King of Kings figure Robert Marshall of Slateford reigns once again as The Champion of Champions of Edinburgh & Leith having captured the legendary Tait Trophy(1888) for a super sixth time, defeating Kevin McNab of Dean in a thrilling climax to the final played at Wardie.Read More
Marshall’s clinching of a 21-18 victory in 24-ends hung in the balance right up to carding the title winning single having suffered the rising tensions caused by McNab being in with the chance of escaping from the jaws of defeat.
“I managed to dominate the build up of the 24th end and at 20-18 held shot for game and title but Kevin had potential match winning position at the back and it was a breath catching moment for both of us when he went for a last bowl trail on the jack”.
The noise on the whole banking silenced to a hush as the pace and direction of McNabs bid for glory looked on course to trigger a Dean eruption; but a slight dip approaching the target made it a failed attempt by a whisker. “Robert still had his last bowl to come so who knows what would have happened under pressure had my conversion been successful however it wasn’t and I just remember my instant thought being, could I please get it back and play it again”. “It was a match winning opportunity that will stay in my head for a long time as a what might have been scenario however in real time terms I have lost to a legend of the sport and played well enough to give him a run for his money”.
The weather conditions made a for a rain drenched playing surface and it is a credit to Wardie that their green sweepers presented the finalists with a playable rink that both proceeded to cope with and produce an entertaining spectacle. Marshall (52) describes himself as a slow starter so losing the first three ends to singles only was a manageable situation in his head, and if any doubts did exist then they were blown away by an explosive run of 2, 3, 3, 2 that fired the 20 times champion of Slateford into a 10-3 lead.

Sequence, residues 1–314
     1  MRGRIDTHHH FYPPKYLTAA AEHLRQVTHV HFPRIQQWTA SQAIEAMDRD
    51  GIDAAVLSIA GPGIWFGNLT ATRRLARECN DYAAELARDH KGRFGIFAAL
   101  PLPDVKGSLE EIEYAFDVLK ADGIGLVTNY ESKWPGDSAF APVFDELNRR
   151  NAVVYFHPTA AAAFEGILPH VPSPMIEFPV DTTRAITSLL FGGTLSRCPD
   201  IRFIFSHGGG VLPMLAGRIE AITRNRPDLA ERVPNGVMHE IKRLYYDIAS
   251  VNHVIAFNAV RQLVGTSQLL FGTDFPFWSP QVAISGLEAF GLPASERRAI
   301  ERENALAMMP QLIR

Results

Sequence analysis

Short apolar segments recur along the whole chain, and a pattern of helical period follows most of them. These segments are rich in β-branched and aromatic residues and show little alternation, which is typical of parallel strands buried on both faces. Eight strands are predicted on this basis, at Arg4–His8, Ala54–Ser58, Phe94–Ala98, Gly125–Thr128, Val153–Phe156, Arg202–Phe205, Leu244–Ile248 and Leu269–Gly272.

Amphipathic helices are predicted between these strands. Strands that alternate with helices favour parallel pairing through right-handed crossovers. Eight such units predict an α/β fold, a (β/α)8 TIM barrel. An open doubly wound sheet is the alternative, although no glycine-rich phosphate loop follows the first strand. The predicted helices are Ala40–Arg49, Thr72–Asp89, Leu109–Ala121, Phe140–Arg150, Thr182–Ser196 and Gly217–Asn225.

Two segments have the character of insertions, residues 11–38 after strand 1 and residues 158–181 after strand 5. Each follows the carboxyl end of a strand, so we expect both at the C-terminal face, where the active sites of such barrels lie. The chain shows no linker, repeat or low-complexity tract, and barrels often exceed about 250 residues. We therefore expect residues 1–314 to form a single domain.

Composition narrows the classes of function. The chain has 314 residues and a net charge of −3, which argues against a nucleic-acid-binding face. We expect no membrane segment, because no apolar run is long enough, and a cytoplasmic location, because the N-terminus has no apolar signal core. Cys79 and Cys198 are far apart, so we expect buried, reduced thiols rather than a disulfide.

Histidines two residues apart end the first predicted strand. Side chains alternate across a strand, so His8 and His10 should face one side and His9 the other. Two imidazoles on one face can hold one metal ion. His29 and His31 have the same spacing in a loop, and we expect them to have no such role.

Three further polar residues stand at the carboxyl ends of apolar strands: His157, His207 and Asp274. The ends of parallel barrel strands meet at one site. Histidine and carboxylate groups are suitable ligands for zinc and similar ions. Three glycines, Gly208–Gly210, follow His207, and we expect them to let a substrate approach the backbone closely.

McNab (47) ended that assault with a double to 5 and impressed with a coolness of head and battling attitude that kept him in the picture at 13-9 down; however Marshall is relentless in pursuit of winning outcomes and he accelerated to 18 with a run of 1, 2, 2. “It was time to buck myself up” said McNab later, and the Dean champion did that in spectacular style with counts of a 4, 1, 1, 2 rocking Marshall back onto his heels and now defending a slender 18-17 lead.
Marshall doesn’t do panic and his response to the imminent danger he was in came in the positive shape of a double to 20; but the temperature of the melting pot was kept at sizzling point when McNab then saved game by carding a last bowl single to 18. “I won my first Tait back in 1982 and although the crowd is much thinner now and the atmosphere not quite as suffocating it remains the holy grail dream that inspires competitive singles play in the capital”, summed up the newly crowned six times Champion of Champions.